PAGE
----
Comment: A Century of Arab Delusion

Iraq perfected a corrupted version of Arab nationalism, but it was Arab intellectuals who created and then abetted it. Can they ever change their spots?

Comment: A Century of Arab Delusion

Iraq perfected a corrupted version of Arab nationalism, but it was Arab intellectuals who created and then abetted it. Can they ever change their spots?

Tuesday, 22 February, 2005

Somewhere in the1920s, the Arab national idea, which had hitherto been a reformist and even liberal notion allied to a moderate Islam, and well-integrated into the socio-cultural map of the Middle East, took a wrong turn. It began to develop definite racist overtones, hegemonistic values, and an exclusivist and intolerant perspective on politics and society.


The architect of this suicidal turn was that fastidious Ottoman intellectual dandy, with his broken Arabic and a borrowed philosophy from Bergson and German idealism, Sati' al-Husri. He put his theories into practice by imposing them on an entire generation of Iraqis through his control of the educational system and his cultivation of ever more extreme ideologues and politicians who used his vulgarisation of Arab nationalism as a control tool over an ethnically and religiously diverse people.


In the 1950s this sorry experiment in Iraq became the norm elsewhere in the Middle East. One regime after another tottered and fell to Arab nationalists of the al-Husri variety. In power, they metamorphosed into the Arab Nationalist Movement, these exemplars of Arab "democracy" who gave us the unlamented regime of South Yemen, the Nasserist apologists and their apotheosis, the Ba'ath Party, in both its Iraqi and Syrian varieties. Kurds and Berbers became mountain Arabs, Islam was a folk identity, and there were no ethnic or religious minorities to clutter this pristine vision of an indivisible Arab nation with an (undefined) historic mission.


The Iraqi Ba'ath Party, riding high on massive oil wealth in the 1970s, underpinned its vicious racist and sectarian policies by reference to these absurd theories. Such was the power of these ideas that there was not a peep from the Arab nationalists over the decades of Ba'athist rule when Iraq was ethnically cleansed of its 500,000 Fayli Kurds; when the majority Shia, always suspect in nationalist lore, were reduced to cannon fodder in the regime's wars of aggression; when Kurds were forcibly relocated, gassed and Arabised, all in the name of some homicidal fantasy about the Arab nation and guarding its eastern gateways from the Persian invader.


Saddam Hussein rode to power on a tank, but he was served by an army of grovelling intellectuals who betrayed every principle of their trade. Noam Chomsky wrote a classic article in the 1960s castigating America's intellectuals for not rising to their responsibilities with regards to the Vietnam War. Only Kenan Makiya amongst the Arab intelligentsia, to his everlasting credit, dared to rise to this challenge in his moving book, Cruelty and Silence.


The Arab intellectuals who cowardly theorised and justified the murderous regime of the Ba'ath, and continued to view Saddam Hussein as a champion of their cause on the grounds of a phantom Arab "solidarity", are directly responsible for the tragedies that have befallen Iraq and its people.


Remnants of this thinking still persist, in spite of the catastrophes that have afflicted the Middle East. Every one of the pet literary, political and philosophical projects of these mostly untalented arbiters of the intellectual scene in Arabic-speaking countries is now in ruins. They have crashed against the harsh realities of an Arab decay caused mainly by the grotesque ideas that these wreckers have forced on Arab society, in alliance with the military and secret police thugs who still cling to power.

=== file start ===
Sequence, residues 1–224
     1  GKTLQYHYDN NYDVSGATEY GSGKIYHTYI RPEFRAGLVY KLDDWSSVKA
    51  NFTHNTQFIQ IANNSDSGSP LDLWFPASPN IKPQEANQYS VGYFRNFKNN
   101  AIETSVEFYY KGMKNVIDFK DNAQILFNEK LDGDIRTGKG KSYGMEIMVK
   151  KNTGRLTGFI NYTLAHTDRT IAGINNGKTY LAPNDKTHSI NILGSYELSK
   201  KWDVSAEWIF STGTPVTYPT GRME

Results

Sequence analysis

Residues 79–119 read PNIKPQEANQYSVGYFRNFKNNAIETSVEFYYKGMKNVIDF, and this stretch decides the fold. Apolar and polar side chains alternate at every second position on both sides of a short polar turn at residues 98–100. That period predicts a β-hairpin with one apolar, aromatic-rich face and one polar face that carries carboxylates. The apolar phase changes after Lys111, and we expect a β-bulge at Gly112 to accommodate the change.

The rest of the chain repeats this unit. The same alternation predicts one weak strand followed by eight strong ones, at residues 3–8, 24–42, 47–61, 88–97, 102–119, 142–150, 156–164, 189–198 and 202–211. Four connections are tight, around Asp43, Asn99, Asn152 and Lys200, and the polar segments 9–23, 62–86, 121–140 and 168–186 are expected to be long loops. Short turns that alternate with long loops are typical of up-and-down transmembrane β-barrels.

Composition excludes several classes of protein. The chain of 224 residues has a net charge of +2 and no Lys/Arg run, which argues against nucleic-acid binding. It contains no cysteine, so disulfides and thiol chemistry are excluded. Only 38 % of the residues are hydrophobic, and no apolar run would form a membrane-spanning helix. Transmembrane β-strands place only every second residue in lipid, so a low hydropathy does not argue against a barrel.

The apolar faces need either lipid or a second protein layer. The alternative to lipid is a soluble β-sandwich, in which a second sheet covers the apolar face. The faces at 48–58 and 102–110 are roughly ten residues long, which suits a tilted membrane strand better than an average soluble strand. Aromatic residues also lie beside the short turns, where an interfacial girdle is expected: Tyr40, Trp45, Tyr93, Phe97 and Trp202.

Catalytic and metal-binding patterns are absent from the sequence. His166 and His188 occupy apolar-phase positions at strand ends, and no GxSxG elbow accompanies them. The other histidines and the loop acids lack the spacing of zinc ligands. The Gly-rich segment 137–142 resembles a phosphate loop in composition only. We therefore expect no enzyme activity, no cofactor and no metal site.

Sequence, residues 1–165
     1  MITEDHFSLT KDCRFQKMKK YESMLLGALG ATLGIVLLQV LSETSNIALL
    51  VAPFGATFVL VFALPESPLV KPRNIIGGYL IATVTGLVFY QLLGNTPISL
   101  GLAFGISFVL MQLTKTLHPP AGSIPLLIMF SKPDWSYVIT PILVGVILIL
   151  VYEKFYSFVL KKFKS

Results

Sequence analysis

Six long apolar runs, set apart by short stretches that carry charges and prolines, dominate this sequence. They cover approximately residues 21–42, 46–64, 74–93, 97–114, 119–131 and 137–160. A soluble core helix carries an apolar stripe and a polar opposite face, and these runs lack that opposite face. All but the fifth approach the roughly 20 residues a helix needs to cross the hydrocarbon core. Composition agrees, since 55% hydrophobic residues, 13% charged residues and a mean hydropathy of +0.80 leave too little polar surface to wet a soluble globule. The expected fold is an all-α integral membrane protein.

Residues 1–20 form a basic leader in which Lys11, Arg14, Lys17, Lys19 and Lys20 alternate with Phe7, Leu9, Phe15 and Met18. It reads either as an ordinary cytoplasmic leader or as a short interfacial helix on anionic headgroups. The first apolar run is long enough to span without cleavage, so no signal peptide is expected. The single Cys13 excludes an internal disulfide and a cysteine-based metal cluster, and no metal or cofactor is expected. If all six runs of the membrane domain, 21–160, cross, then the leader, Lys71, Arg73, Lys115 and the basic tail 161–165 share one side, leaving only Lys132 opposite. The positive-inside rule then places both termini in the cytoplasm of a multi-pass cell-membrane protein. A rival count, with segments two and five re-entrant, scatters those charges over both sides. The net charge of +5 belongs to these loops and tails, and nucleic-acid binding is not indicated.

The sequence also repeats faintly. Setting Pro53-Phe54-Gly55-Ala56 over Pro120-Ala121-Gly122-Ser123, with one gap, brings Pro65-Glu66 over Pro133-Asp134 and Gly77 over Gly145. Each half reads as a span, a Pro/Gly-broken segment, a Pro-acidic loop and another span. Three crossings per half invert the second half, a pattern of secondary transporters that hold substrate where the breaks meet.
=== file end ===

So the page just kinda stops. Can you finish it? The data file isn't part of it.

The debacle in Iraq, if the satellite channels that pander to this thinking are any guide, will not have any serious effect on the policies and practices of these regimes. It is being met by denial and by the reaffirmation of the old verities. Having spent two generations denouncing Islam as reactionary, they are now trying to cling to it as a strategic ally in their doomed effort to salvage some scrap of credibility. The Arab regimes, led by Syria, are quaking in their shoes after the fall of Ba'athism in Iraq, for that is what it really is, the abject and final failure of an ideological system whose champions blithely presided over one disaster after another.


Can a leopard change its spots? I doubt it, although what needs to be done is as clear as daylight. Reform of decrepit state structures, economic liberalisation, jettisoning of a spent ideology, dissolution of security apparatuses, demilitarisation, intellectual and political freedoms, openness and tolerance - in fact everything that the nationalist ideologues abhor. That is why de-Ba'athification in Iraq is so important. The cult of violence, aggression and hatred, which the Ba'ath has so assiduously cultivated, must be uprooted from society and its scars have to heal.


The legacy of Sati' al-Husri, realised by the Ba'ath and Saddam Hussein, is the ruin of Iraq. It is the brutalisation of societies, the pauperisation of nations, rampant theft and corruption, sectarian and tribal divisiveness, and now, the cowardly cringing from a hyperpower whose goals are uncertain but which has taken an intense dislike to these regimes.


Where will this end? I cannot say for sure, but Ba'athism, Arab nationalism, in fact any totalitarian thought system, cannot survive in the Middle East anymore. They deserve to be junked in the scrap-yard of failed systems. Good riddance, I say.


Ali A. Allawi is an Iraqi economist and investment banker in London who is active in the Iraqi opposition.


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